Jesus is no longer with them physically to lead them. Their job now is to continue his work in a new and more difficult way – taking up his mantle of leadership themselves. There will be many challenges to be faced – conflict with the religious authorities, disagreements between each other, and conflicts between the different ethnic and cultural groups within the church that emerges. The rest of Acts describes the different challenges the disciples encounter. And since then, the church has continued to be challenged to find its way down the mountain and onwards into whatever lies ahead.

The rates of infection and deaths are thankfully now reducing. And as our country takes its first steps towards easing the restrictions, we have a very cautious climb down our metaphorical mountain. There are many questions to be considered, and no easy answers. When is it safe enough to open our schools, and how should we go about this? How do we educate the children that do return in a way which keeps them safe, but promotes social and emotional development? How do we balance the need to keep our most vulnerable people safe, without starving them of much needed social interaction? When will a vaccine or effective treatment be available? What is the best way to monitor the whereabouts of the virus? How do we find new work for so many whose old jobs may no longer exist?

And there has been a positive peak as a result of the world’s lock-down measures – the environment has become cleaner and healthier. Animals and birds have been thriving. People have been uplifted by the cleaner air, the clearer birdsong, the heady fragrance of blossom, the unexpected sight of wild animals. How do we prevent the decrease in the abundance of nature whilst gradually increasing our usual activities? Many have argued that now is the time for a complete rethink of how we organise our roads, our modes of transport, the way we work. Coming down the coronavirus mountain is going to be a long and rocky road.

So what is the role of God’s people in all this? Well whatever we do, let’s remember that new life is just that – new life. It is necessarily different from the old life. So there will be changes. We need to live our new lives in such a way that God’s kingdom of peace and justice can be brought about on earth, just as it is in heaven.

And let’s remember that like the disciples, we are not alone. For God’s Spirit continues to be with us, guiding us as we make our way down the mountain and into the new life ahead.

The Prayers
By Irving

O God, the creator and preserver of all, we pray for people of every race and in every kind of need: make your ways known on earth, your saving power among all nations.

Almighty God, as we look back to Ascension Day, may our prayers ascend to you just as Jesus Christ, your Son, was taken up to heaven. As we celebrate the Ascension of Our Lord Jesus let it inspire in us feelings of joy and hope as we look forward to Pentecost and the descent of the Holy Spirit.

Let us pray for the whole Church of God in Christ Jesus, and for all people according to their needs.

We pray for the peace, stability and unity of the world as we respond to Covid-19. In words from Christian Aid, we pray for all health workers tending the ill, for all scientists working on a vaccination, for researchers analysing data and identifying trends, for media outlets working to communicate objectively, for supermarket and shop workers, hygiene and sanitation providers. We pray for teachers, delivery drivers, postmen, milkmen and refuse collectors and all others upon whose services we rely. We pray too for proper recognition of the value of all those key workers that have helped to keep our country running under such difficult circumstances.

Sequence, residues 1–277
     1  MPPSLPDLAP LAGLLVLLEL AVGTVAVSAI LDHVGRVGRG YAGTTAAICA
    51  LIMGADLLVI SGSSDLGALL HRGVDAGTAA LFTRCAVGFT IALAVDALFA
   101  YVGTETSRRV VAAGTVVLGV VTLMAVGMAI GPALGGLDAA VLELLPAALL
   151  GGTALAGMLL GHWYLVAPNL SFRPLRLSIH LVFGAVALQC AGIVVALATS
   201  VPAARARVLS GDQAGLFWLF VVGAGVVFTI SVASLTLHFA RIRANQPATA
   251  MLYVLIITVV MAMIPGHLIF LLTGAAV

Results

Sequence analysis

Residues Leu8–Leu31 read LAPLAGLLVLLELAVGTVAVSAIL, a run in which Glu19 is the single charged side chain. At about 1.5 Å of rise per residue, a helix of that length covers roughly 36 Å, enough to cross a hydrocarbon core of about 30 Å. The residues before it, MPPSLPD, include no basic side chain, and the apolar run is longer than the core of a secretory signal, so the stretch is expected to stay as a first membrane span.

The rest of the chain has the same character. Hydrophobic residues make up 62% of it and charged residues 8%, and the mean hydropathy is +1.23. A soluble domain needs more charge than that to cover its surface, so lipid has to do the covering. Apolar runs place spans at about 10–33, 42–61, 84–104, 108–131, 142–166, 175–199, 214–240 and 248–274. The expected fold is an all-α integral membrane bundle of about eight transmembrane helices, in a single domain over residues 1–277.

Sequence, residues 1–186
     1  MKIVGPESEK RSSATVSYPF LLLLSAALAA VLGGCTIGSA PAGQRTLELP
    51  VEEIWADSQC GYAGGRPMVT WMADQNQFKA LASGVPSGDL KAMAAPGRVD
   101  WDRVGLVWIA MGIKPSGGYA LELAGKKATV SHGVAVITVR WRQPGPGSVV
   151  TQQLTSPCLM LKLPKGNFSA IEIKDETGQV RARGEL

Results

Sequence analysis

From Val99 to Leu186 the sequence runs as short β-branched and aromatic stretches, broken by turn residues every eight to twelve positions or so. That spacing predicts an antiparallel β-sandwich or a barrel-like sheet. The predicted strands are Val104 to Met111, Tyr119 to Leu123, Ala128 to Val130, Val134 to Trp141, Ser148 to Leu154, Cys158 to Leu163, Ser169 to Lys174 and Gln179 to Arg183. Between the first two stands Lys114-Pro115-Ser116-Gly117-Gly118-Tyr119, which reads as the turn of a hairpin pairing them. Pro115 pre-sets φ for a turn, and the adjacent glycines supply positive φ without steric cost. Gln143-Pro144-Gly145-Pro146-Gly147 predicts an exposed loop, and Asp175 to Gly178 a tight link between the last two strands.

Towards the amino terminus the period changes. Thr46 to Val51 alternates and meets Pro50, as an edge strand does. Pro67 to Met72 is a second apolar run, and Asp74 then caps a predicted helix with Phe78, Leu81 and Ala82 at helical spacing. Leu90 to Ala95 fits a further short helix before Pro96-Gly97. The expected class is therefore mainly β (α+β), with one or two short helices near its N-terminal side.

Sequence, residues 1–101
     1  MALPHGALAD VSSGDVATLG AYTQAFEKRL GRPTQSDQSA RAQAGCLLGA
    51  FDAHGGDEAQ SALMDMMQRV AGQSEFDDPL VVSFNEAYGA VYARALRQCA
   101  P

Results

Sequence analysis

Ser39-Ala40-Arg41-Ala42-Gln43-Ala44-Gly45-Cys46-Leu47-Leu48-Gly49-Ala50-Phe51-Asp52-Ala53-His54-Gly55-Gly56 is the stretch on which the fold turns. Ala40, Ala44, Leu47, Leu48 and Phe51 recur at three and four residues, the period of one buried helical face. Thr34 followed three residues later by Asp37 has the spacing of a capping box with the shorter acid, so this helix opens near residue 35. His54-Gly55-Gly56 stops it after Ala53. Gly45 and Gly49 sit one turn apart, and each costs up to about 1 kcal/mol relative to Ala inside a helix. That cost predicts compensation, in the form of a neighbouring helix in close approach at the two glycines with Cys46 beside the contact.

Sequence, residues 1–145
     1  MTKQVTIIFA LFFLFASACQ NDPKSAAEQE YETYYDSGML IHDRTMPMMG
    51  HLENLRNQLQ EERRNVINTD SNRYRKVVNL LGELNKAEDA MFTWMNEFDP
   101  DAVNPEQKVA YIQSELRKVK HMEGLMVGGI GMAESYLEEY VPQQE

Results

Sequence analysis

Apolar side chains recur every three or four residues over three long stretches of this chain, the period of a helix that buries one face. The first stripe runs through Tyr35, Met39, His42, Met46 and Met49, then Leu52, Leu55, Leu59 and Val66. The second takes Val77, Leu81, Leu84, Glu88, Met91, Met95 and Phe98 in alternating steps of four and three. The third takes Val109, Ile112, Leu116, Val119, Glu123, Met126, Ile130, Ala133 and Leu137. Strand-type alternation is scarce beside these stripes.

We pray for all who are planning our country’s path out of lock down, that they may they respond to the challenges of this pandemic with fairness, prudence and sound judgement. May their planning alleviate economic burdens, compensate fairly for losses, protect employment and ensure ample food and protection for the poor and isolated.
Lord, in your mercy,
Hear our prayer.

We pray for your Church throughout the world: guide and govern us by your Holy Spirit that all who profess and call themselves Christians may be led in the way of truth, and hold the faith in unity of spirit, in the bond of peace, and in righteousness of life.

We pray for all Primates, Bishops, Clergy and Laity of the Anglican Communion around the world. We pray for the Anglican Consultative Council and for the Anglican Communion Office in London. We pray for all in Sheffield Diocese and particularly the Area Deanery of Snaith and Hatfield. We pray for and give thanks to all at St Mary’s who have kept our church alive by their newsletters, electronic ‘virtual’ worship and meetings and in so many other ways.
Lord, in your mercy,
Hear our prayer.

We commend to your fatherly goodness all that are anxious or distressed in mind or body; comfort and relieve them in their need; give them patience in their sufferings, and bring good out of their troubles.

Especially we pray for all affected by the Corona virus, both physically and emotionally. We pray for all who feel isolated and lonely. Keep us all, good Lord under the shadow of your mercy in this time of uncertainty and distress. Sustain and support the anxious and fearful and lift up all who are brought low, that we may rejoice in your comfort knowing that nothing can separate us from your love in Christ Jesus our Lord.

And in a few moments of reflection, we bring before God our own prayers and concerns.

Merciful Father
Accept these prayers,
for the sake of your Son,
our Saviour Jesus Christ.